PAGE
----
"Say," he said after finishing another cookie, "I called Reed's Travel Agency this morning. They promised they could reserve the cabin-"

Before he could complete the sentence, he saw Hannah suddenly gasp for breath, tense in her chair, then let out a low groan. Cody was immediately face to face with her, gripping her shoulders. "Are you all right?" he demanded.

She finally began breathing, then looked him in the eye and gave the most surprisingly beautiful smile he had ever seen. "I think so... I... uh... yeah, I'm okay," she answered. "My water just broke." She could feel the warm fluid puddling around her buttocks and running down her leg. For a moment she was embarrassed, but the feeling was quickly overcome by an acute surge of pain.

Still trying to figure out what to do, Cody saw Hannah tense again. He gripped her hand in silence, stunned by the piercing hurt locked on her face.

Several seconds later, Hannah relaxed and took a deep breath. "I'm not positive," she said, "but if that was my first contraction, we may be mommy and daddy two weeks earlier than we thought."

Elated, Cody held her in a big hug and said, "Can you believe it?" He started dancing around the table. "We're going to be a family!" he shouted, as Hannah laughed.

THEIR CELEBRATION was soon tempered by the quickly recurring pains, and the rush to leave for the hospital. Within twenty-five minutes from the time Hannah's water had broken, she was seated beside Cody in their Ford station wagon. He was timing her contractions, which now came at less than three-minute intervals. The quickly paced labor pains, coming so soon, made Cody nervous. He tried to relax, but it was all so new. And this was his wife, his baby.

This is happening too fast, he thought, calculating that the trip to the hospital would normally take twenty-five to thirty minutes. This time, he decided, it would have to be less than twenty. No stranger to speeding, he was confident he could meet the challenge.

He glanced at his wristwatch-5:51-just as they were leaving their residential area and approaching the nearest main road. One look ahead quickly confirmed a rising worry: It was rush hour. Traffic on the main road was packed, moving at only a fraction of the normal speed.

For the first time, Cody felt panic. To hide it, he forced a grin and said to Hannah, “I love adventure, but this is a little too much of the good stuff.”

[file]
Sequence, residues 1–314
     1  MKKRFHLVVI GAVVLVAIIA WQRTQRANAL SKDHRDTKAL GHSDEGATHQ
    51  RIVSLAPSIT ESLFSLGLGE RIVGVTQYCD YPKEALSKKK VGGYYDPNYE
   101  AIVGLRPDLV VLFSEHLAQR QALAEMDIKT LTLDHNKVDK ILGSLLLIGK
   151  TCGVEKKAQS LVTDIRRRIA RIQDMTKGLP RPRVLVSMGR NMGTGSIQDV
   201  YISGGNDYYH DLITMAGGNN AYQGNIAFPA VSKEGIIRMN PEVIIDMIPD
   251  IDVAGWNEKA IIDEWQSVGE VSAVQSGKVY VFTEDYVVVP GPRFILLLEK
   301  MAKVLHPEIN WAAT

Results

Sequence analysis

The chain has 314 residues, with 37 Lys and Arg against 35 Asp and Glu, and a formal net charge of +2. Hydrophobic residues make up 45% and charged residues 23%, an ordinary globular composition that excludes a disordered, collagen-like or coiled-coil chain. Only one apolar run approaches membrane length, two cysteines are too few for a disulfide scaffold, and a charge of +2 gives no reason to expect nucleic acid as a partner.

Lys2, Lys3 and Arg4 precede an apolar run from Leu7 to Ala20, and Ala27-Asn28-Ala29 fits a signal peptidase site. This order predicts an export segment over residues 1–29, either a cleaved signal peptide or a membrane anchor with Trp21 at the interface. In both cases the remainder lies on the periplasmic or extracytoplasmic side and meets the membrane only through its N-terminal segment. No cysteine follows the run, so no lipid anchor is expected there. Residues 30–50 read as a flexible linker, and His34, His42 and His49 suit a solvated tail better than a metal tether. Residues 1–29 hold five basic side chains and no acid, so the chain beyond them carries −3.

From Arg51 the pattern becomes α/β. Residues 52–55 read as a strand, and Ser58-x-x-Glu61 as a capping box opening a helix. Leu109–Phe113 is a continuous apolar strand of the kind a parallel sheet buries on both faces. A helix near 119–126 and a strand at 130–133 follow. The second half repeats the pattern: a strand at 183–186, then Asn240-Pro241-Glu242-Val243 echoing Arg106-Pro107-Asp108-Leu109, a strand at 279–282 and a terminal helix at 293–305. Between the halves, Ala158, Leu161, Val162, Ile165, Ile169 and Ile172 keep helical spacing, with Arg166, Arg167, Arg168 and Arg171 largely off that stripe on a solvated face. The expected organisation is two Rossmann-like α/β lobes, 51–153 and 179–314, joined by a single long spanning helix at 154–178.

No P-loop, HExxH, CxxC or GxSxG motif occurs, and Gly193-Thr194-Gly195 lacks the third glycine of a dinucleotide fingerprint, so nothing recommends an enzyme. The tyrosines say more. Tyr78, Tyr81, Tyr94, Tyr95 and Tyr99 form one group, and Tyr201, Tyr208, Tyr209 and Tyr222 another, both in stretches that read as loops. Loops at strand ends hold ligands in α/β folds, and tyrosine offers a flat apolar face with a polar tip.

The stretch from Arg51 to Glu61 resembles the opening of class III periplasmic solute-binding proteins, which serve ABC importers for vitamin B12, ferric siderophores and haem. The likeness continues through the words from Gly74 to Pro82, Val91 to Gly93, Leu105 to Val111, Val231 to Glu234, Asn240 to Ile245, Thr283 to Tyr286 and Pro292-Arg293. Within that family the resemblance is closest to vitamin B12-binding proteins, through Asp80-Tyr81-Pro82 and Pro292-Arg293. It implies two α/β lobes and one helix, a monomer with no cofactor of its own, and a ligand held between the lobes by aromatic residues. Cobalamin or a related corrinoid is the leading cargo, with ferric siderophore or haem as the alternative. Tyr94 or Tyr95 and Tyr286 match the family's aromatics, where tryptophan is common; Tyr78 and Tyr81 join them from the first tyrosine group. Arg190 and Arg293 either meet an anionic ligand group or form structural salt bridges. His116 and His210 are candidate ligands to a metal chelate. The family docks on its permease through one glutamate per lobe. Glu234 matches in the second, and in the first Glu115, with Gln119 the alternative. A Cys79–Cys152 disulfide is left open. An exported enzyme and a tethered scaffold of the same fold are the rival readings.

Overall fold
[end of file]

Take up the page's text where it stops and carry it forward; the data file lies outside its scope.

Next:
She smiled briefly, before yielding to the start of yet another contraction.

Soon the eruptions of pain were less than two minutes apart. Hannah bravely fought back. Everything's under control, she kept telling herself. Be strong, be strong. Impossible as it seemed, each contraction hurt worse than the last, worse than anything she had ever felt in her life.

"Just hang in there, babe," Cody said. "I'll get you there."

The line of cars crept forward to an intersection which he realized was approximately their halfway point to the hospital. The flow of traffic halted again as he saw the same set of stoplights change to red for the second time. With mounting fear he looked at his watch: 6:16.

Suddenly, Hannah leaned forward, grabbed the dashboard with both hands, and screamed. Cody reached out and touched her shoulder. He was now almost beside himself with panic. "Are you going to make it?"

When her pain had passed its peak, she found her breath and shot back, "I don't know... Just hurry!"

He knew then what he had to do. And on impulse, as if the adrenaline surging through him had switched on a machine, he did it.

Trying to take charge of this desperate situation, he lurched the station wagon out of their traffic lane. Sounding his horn and flashing his headlights, he charged through the intersection and down the avenue, straddling the middle line.

Hannah did little more than flinch. The thought of how crazy it all seemed flashed in and out of her mind.

"I'll get you there," she heard Cody say again.

Waiting on Wednesday - Decmber 16

"Waiting On" Wednesday is a weekly event, hosted by Jill at Breaking the Spine, that spotlights upcoming releases that we're eagerly anticipating.

Okay - I actually have an arc of this one, but I am eagerly awaiting reading it so I think it counts for my Waiting on Wednesday.

Lessons in French

Lessons in French by Laura Kinsale
Release: February 1, 2010
Publisher: Sourcebooks

"It was quite settled by now. She was born to be a spinster. The gentlemen would have to declare their undying devotion to other ladies. Callie would be too much occupied with developing a delicate constitution and a dependable recipe for tapioca-jelly."

She is, after all, Lady Callista Taillefaire, jilted three times in spite of her fortune and her father's best efforts to find her a husband. Now her greatest desire is to win the silver cup at the agricultural fair with her gigantic prize bull, Hubert. But when Callie's only old flame returns from his long and mysterious absence in France, her quiet spinster life turns upside down.

Dark-eyed, elegant and a magnet for trouble, Trevelyan d'Augustin has given Callie lessons in more than his language in the past. Her father put a harsh and humiliating end to any dreams of romance with a French émigré scoundrel, however, and Callie never thought to see him again. Swallowing his pride, Trev has finally come home to care for his failing mother, but his secrets and misdeeds follow him.

Callie soon remembers that nothing is ever peaceful with Trev around. The enormous Hubert vanishes into thin air, one of her former jilts comes back to woo her in a most determined manner--and her bull takes the town by storm! In the midst of these misadventures, Callie finds herself falling in love again with the worst possible man for her...

So what are you waiting on this week?